ISSN 2330-717X

Japan: Radiation Exposures And Progress At Fukushima Nuclear Plant

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Three workers atJapan’s  Fukushima Daiichi have been exposed to higher levels of radiation, while steady progress is made on site and discharges to sea are monitored.

Three contractors were installing cables in the first floor and basement of the turbine building of unit 3, having to standing in water that resulted in exposures of around 170 millisieverts to the skin on their legs. Two have been taken to hospital.

The dose is higher than a commonly accepted value of 100 millisieverts for nuclear workers in an emergency situation, but less than the 250 millisieverts temporarily allowed by Japanese authorities. The World Health Organisation, however, said that a limit of 500 millisiverts is an international standard for emergency work.

Fukushima Nuclear Power Plant
Fukushima Nuclear Power Plant

Another worker suffered an exposure of 106 milliseverts during venting work early in the Fukushima crisis, while six more have been confirmed to have received more than 100 millisieverts – and another between 100 and 150 millisieverts. Tokyo Electric Power Company (Tepco) has not revealed the work these people had been carrying out.

Injection of water to cool used fuel ponds in unit 3 continued today using the fuel pool cooling and filtering system. Tepco said it would consider spraying at other units subject to the conditions of the other units’ fuel ponds.

External power has now been connected to all six Fukushima Daiichi reactor units, while some checks are still being made before this can be used. Lights are now on in the control rooms of unit 1 and 3.

Tepco noted that the temperature of the containment vessel of unit 1 had built to some 400ºC, compared to a design value of only 138ºC. However, the strength of the component is such that it can withstand the stresses this imposes, said Tepco, and its structural integrity is expected to be maintained. “There is no substantial problem regarding the containment vessel’s structural soundness under conditions of pressure 300 kPa and temperature 400ºC.”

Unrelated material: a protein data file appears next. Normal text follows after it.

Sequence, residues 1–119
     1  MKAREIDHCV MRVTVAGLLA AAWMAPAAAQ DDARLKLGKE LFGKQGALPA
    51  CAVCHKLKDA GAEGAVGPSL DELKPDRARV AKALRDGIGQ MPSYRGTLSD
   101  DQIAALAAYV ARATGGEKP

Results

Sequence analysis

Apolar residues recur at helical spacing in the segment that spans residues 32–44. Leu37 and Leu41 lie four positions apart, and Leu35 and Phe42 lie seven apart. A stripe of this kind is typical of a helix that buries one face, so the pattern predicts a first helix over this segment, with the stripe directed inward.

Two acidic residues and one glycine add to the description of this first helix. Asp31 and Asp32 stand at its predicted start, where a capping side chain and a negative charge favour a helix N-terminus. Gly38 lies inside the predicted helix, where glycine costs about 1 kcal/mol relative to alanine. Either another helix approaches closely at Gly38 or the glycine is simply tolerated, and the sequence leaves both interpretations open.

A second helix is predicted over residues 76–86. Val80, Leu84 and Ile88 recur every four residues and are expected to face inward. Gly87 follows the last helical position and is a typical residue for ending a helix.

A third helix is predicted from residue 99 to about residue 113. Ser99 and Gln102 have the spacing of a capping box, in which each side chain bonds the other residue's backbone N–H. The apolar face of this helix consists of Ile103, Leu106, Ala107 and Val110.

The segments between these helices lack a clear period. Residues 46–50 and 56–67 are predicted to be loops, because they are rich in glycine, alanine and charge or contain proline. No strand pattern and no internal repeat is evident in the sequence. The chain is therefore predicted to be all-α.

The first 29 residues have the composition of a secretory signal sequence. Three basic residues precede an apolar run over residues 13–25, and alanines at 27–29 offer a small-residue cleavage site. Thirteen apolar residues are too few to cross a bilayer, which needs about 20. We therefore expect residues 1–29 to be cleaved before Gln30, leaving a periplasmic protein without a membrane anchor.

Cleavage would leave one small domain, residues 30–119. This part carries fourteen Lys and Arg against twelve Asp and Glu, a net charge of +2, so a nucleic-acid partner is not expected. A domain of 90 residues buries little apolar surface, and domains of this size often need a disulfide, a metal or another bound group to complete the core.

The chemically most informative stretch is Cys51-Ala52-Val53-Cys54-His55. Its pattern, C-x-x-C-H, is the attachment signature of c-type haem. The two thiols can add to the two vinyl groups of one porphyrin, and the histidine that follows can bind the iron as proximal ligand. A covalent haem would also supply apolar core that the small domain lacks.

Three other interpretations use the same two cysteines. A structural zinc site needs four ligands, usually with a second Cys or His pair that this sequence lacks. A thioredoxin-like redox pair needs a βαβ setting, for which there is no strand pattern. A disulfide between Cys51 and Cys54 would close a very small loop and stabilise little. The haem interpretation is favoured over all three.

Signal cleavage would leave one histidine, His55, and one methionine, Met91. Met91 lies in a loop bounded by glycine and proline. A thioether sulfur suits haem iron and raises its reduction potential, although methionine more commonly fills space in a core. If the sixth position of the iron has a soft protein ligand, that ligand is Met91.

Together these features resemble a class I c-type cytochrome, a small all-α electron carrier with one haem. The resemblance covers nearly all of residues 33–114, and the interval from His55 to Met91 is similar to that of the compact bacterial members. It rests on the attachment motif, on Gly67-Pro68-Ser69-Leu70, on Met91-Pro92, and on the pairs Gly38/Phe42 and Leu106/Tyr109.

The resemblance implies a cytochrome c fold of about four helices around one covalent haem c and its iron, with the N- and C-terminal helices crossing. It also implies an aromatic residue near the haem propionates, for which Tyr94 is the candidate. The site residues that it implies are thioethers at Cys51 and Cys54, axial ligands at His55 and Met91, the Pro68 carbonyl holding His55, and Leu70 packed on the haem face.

Releases to sea

There has been more detailed investigation of radioactive releases to sea, after elevated readings were taken on 22 March. Levels of iodine-131 well beyond normal regulatory limits were found about 330 metres south of the discharge channel of Fukushima Daiichi units 1 to 4. Levels of Caesium-137 were also beyond limits.

North of the Daiichi plant the levels of iodine-131 were lower, but still far above limits. This was joined by caesium-137, caesium-134, tellurium-129 and tellurium-129m.

At the Daini plant about ten kilometres to the south, only iodine-131 was found to be above levels. That plant suffered problems due to the tsunami that followed 11 March’s earthquake but all four reactors reached cold shutdown status a few days later with no radiological release.

Local people began evacuation more than ten days ago and this is complete to a 20 kilometre radius. People in a further ten-kilometre zone have been warned to stay indoors. Pills to block the potential negative health effects of iodine-131 have been distributed to evacuation centres.

Researched and written by World Nuclear News

World Nuclear News

World Nuclear News

World Nuclear News is an online service dedicated to covering developments related to nuclear power. Established in 2007, WNN has grown rapidly to welcome over 40,000 individual readers to the website each month, while its free daily and weekly emails both reach more than 16,000 people. These figures represent a broad audience that includes not only nuclear professionals but also journalists, researchers, opinion leaders, policy-makers, and the general public.

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